The effect of executive function deficits on treatment response in children with Oppositional Defiant Disorder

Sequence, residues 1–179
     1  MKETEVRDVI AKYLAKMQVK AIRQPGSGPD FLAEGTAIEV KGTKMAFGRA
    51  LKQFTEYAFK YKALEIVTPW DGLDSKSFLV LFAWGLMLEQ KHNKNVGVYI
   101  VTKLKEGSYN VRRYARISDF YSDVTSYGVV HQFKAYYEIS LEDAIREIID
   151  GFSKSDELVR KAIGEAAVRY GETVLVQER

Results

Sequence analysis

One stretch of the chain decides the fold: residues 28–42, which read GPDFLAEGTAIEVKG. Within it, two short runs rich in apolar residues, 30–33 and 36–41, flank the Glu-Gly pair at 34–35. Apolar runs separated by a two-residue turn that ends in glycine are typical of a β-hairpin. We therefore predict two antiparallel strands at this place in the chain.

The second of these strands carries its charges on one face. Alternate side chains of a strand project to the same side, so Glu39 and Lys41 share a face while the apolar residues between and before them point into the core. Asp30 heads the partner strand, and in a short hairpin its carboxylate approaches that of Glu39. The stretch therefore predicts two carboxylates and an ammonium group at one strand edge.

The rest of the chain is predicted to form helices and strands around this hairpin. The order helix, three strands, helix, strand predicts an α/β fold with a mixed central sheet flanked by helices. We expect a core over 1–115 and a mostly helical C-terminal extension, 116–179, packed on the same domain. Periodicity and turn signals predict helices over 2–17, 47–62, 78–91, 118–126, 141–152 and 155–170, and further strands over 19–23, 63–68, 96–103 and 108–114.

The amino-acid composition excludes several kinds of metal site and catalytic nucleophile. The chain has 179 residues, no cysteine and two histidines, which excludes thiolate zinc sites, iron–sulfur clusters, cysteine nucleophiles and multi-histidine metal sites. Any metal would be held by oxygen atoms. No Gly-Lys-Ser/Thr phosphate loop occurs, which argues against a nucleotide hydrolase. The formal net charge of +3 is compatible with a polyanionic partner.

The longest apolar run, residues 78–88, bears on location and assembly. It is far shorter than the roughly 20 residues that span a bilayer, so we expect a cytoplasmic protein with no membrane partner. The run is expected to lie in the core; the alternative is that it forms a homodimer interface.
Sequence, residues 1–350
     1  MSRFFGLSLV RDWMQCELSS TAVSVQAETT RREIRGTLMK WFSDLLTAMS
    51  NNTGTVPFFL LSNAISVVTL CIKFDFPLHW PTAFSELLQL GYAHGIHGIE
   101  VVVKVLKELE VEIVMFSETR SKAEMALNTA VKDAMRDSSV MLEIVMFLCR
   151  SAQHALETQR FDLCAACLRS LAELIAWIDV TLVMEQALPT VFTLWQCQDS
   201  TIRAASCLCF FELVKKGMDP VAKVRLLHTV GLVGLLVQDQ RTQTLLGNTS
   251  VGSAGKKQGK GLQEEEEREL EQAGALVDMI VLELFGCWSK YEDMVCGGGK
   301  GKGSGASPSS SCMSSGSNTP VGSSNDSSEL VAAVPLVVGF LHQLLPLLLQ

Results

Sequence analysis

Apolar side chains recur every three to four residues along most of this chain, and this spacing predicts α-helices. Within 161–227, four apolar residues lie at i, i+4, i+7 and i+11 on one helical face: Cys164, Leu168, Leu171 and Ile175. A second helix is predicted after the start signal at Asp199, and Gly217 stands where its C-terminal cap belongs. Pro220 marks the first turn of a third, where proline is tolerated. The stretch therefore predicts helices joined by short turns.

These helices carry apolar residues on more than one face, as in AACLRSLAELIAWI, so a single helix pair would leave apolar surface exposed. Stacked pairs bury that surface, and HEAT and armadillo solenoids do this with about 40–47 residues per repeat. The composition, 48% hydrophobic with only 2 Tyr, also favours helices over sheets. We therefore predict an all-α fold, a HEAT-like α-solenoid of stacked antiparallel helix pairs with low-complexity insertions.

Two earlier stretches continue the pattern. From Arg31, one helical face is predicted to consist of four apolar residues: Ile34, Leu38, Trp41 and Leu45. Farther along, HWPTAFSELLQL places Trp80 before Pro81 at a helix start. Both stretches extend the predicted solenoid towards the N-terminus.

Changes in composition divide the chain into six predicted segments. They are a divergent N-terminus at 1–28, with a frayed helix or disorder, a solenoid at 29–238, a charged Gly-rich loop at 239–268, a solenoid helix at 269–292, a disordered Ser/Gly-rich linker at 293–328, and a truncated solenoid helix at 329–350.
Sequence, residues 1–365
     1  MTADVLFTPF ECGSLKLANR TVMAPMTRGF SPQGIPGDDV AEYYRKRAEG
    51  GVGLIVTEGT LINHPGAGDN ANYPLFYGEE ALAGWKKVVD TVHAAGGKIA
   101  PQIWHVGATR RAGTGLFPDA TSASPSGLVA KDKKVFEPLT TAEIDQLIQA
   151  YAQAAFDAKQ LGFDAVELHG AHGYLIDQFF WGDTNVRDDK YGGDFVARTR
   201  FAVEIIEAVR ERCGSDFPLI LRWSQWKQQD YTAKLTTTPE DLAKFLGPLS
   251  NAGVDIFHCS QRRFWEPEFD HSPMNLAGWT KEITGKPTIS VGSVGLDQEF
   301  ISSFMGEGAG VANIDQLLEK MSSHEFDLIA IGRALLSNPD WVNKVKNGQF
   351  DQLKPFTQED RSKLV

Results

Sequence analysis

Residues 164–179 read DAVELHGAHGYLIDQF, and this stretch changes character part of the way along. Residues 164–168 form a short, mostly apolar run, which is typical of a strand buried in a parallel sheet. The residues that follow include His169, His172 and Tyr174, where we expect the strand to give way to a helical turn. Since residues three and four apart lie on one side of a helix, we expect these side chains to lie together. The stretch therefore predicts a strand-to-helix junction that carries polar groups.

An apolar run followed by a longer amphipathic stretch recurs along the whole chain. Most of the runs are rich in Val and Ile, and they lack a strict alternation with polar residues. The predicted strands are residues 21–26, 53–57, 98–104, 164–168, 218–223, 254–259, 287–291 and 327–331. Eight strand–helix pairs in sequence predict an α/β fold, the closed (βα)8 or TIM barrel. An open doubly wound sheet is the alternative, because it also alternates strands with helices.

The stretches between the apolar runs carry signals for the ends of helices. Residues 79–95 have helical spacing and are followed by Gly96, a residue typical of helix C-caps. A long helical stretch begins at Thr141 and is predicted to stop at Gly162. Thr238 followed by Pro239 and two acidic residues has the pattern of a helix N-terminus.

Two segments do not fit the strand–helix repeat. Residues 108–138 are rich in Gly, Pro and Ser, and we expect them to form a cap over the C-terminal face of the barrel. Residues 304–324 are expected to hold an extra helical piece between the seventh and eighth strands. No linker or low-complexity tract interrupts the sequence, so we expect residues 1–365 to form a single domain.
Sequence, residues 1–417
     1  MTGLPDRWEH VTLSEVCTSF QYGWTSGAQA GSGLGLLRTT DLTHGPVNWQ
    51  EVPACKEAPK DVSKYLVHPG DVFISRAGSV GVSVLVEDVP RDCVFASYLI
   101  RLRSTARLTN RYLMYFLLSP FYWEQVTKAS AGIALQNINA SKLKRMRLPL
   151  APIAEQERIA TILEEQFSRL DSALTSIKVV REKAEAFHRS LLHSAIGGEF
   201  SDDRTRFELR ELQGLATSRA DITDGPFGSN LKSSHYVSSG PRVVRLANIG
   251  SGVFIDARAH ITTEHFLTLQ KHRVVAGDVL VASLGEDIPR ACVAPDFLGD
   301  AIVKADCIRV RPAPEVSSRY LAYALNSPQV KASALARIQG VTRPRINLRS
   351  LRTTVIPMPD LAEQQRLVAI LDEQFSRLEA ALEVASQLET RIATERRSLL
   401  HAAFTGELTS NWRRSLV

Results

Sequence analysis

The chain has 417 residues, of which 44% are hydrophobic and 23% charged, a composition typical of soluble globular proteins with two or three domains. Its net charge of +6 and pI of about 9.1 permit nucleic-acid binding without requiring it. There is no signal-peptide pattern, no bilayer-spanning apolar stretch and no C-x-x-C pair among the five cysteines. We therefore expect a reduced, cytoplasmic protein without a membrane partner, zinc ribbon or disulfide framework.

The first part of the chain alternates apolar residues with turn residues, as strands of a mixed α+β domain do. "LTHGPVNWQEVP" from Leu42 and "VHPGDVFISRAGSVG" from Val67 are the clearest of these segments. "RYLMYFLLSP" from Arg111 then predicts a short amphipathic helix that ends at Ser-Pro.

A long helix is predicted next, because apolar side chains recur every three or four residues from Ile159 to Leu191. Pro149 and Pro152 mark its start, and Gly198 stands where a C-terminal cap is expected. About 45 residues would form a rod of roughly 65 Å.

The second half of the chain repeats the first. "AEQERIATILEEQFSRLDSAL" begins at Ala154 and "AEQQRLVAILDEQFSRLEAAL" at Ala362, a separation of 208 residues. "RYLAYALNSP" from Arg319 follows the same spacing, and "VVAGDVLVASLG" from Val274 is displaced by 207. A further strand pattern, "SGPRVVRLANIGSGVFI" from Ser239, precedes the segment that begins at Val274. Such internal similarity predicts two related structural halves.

Oppositional Defiant Disorder (ODD) occurs in childhood and is characterized by recurrent, developmentally inappropriate, negativistic, defiant, disobedient, and hostile behaviors directed towards authority figures. Such behaviors can significantly interfere with child-peer and child-adult interactions. If left untreated, ODD can result in social, emotional, and academic consequences throughout childhood and into adulthood. Behavioral and cognitive-behavioral interventions such as parent management training (PMT) and collaborative and proactive solutions (CPS) have been shown to be effective treatments for ODD. Previous studies have not yet investigated the role that executive functioning (EF) deficits play in treatment response for ODD symptomology. Since EF deficits often co-occur with ODD, it is important to consider whether those with such deficits respond differently to PMT and CPS, particularly given that an approach such as CPS relies more on EF skills than PMT. No study to date has examined whether EF deficits differentially predict treatment response to PMT or CPS. The current study investigated whether pre-treatment EF deficits predict differential response to treatment as indexed by a reduction in ODD symptoms. We hypothesized that pre-treatment levels of EF would influence treatment response such that those with greater EF deficits at baseline would not see as great a reduction in ODD symptoms in the CPS condition, while EF deficits would not affect response to PMT.